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How does Throat Coat work?
March 23, 2012 1:28 AM   Subscribe

How does Throat Coat tea work? Singers and people who use their voice professionally all seem to recommend Throat Coat to soothe vocal strain, but I'm interested in how it works. If I twisted my ankle, I wouldn't want to take a pain killer and keep running. Does Throat Coat contain some sort of herbal anaesthetic? Can anyone tell me how it works so well?
posted by surenoproblem to Health & Fitness (6 answers total) 8 users marked this as a favorite
 
I read this and thought "I bet it's slippery elm," and, yeah, mostly. Slippery elm is a demulcent, "an agent that forms a soothing film over a mucous membrane, relieving minor pain and inflammation of the membrane."

I am a fan of Thayer's Slippery Elm Cherry Throat Lozenges; they really do 'form a soothing film.'
posted by kmennie at 1:54 AM on March 23, 2012 [7 favorites]


kmennie got to the how of it first, and seems to be right on the money. I'm actually kinda surprised that it doesn't have ginger in it as well, as I've always found that ginger tea does an excellent job of soothing a sore throat. The other main ingredient is licorice, but I can't find anything about active effects from licorice that seems relevant.

As to the why of it though, in terms of "take Throat Coat and keep going" vs. "take a break and let things heal," I think it comes down to the fact that professional singers often can't just take a break, or at least not right away. If you've got a sore throat and a show that night, you're going to have to go on -- tickets have been sold, fans are waiting, everything's good to go except you and you're just going to have to do what's necessary to get through the night.

It can suck when you're on tour (I was hanging around with a guy who was touring at one point and he was battling a sore throat -- his tea was mostly ginger and garlic, I think) because you definitely do cause further damage by doing this and so the next show is only worse. It can be a vicious cycle, but sometimes there's not a lot you can do about it besides just try to find ways to keep going.
posted by Scientist at 7:19 AM on March 23, 2012 [2 favorites]


I'm a singer, and one of the things that drives me insane is "the tickle." When your throat is dry, typically in just one... small... spot... that can ruin your whole performance. The tickle can easily get aggravated by the act of just a tiny bit of air passing that spot. "Hey, no problem!" I think. "I'll just stop breathing altogether!"

This typically happens at the tail end of a cold, when I can speak and otherwise phonate just fine, with a good tone quality, but the tickle makes me cough -- which in turn makes me KEEP coughing. I've been in a concert when it's been a challenge just to keep my mouth closed, not even singing, to get through the piece without coughing. And as singers know, coughing is a violent and damaging spasm that should be avoided at all costs (also SO EASY :P).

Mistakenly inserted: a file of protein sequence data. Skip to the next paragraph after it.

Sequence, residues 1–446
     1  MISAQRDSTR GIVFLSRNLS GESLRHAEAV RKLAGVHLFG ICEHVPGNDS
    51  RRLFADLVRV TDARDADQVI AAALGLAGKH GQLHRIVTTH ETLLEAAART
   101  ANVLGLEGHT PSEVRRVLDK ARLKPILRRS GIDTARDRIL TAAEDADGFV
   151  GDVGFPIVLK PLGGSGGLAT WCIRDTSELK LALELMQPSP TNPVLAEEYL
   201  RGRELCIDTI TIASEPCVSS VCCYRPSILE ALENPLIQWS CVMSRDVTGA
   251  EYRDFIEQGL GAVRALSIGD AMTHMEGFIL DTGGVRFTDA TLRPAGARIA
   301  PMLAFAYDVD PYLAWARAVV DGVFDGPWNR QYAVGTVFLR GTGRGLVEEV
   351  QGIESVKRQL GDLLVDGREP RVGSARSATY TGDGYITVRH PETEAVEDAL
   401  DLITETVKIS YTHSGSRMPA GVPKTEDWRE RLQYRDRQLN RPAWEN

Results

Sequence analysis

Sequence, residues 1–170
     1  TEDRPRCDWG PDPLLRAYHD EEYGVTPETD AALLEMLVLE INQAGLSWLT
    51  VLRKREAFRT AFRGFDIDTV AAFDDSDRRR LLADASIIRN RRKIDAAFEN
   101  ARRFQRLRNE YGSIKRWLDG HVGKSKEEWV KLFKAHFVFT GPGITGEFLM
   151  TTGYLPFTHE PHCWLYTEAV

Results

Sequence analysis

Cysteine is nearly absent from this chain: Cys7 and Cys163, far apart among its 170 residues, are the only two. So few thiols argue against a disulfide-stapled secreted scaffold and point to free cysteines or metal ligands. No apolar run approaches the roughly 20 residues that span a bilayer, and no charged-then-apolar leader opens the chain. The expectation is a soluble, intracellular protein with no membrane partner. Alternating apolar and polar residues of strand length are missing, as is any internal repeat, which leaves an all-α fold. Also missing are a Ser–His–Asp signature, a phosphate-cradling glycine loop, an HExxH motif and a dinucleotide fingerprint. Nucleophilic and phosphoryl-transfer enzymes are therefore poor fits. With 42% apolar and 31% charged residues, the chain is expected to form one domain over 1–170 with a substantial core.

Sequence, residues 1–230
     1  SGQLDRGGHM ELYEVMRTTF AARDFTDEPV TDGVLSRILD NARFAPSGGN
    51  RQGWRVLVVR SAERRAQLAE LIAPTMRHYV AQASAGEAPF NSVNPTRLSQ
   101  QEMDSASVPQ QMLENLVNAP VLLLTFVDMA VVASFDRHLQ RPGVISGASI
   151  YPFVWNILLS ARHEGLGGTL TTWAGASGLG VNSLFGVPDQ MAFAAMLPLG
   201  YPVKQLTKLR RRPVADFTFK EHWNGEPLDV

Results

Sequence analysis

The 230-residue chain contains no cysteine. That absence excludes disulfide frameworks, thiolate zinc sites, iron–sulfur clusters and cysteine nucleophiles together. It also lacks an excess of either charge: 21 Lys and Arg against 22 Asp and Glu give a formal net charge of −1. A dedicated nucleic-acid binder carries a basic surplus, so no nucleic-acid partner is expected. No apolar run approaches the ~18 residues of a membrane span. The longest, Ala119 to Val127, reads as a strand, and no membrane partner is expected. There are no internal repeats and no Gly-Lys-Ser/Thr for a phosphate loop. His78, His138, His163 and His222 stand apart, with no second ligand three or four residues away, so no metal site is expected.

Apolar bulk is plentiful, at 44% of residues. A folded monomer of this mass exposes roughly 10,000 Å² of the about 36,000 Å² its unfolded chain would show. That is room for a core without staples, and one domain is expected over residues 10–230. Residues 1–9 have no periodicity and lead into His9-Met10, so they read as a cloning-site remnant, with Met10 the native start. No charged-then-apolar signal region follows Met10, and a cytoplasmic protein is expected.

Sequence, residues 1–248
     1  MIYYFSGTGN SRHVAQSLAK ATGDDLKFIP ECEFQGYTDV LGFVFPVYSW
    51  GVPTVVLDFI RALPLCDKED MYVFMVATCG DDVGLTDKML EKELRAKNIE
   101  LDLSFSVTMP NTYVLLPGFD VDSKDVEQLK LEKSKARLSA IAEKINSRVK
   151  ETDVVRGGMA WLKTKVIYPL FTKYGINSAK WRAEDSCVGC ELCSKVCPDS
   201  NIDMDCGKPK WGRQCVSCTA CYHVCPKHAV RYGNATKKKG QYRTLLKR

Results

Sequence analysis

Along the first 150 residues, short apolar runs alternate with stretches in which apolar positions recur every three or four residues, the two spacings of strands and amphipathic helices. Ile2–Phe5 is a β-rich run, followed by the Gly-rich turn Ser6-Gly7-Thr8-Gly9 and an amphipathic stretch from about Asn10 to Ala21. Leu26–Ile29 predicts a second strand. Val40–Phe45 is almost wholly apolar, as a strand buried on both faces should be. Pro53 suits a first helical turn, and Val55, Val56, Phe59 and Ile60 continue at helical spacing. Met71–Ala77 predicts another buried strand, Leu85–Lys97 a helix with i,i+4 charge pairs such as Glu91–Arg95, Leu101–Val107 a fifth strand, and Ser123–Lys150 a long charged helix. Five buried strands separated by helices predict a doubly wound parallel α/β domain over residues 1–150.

So a demulcent like this helps keep my throat happy and, if not entirely hydrated (drink more water!), at least not sore or tickly. God, I hate the tickle.

I'm not all hardcore Throat Coat or whatever, but I do like the Aveda Calming Tea that they sell at salons (I have a nice big jar) because of its licorice content. It seems to have a sort of syrupy effect that does a similar thing. So basically, it's a liquid cough drop.

Singer's Saving Grace spray, I believe, is more of a numbing agent, so that's not good. Same with Chloraseptic. You can get the dreaded nodes from singing through the pain thanks to stuff like this. I did, however, just try this stuff (Entertainer's secret, which was recommended by our local drugstore that also has a monopoly on theatrical makeup and costumes). It has aloe and glycerin, and although of course it tasted weird it was actually not bad.
posted by Madamina at 7:59 AM on March 23, 2012


All the theatre people I knew drank Throat Coat in conjunction with several other activities. Walking around with "SORE THROAT NO TALKING" written on their cup and staying completely silent for the day was common, along with not eating spicy or acidic foods. As well the whole thing took on a bit of a ritual, so I suspect there at least some of it is mental.
posted by TheNewWazoo at 8:02 AM on March 23, 2012 [1 favorite]


The demulcents actually reduce throat inflammation; they don't just mask it.
posted by Sidhedevil at 8:15 AM on March 23, 2012 [1 favorite]


A lot of the things singers do to protect their voices or "soothe vocal strain" are complete myths. Some of them are actively unhelpful.

My stance (as someone who sometimes works with people with damaged voices) is that as long as you find it soothing then that's great. If I think it's harmful then we're going to have a long argument.

We don't have throat coat tea in this country but we have lots of sticky things that claim to line the throat. They seem to do a good job at soothing sore throats. This might help you feel less tickley, as above. They might also hydrate you, which will help your voice. However, they shouldn't be going anywhere near your vocal cords and if they do then you have bigger problems than a strained voice.
posted by kadia_a at 10:08 AM on March 23, 2012


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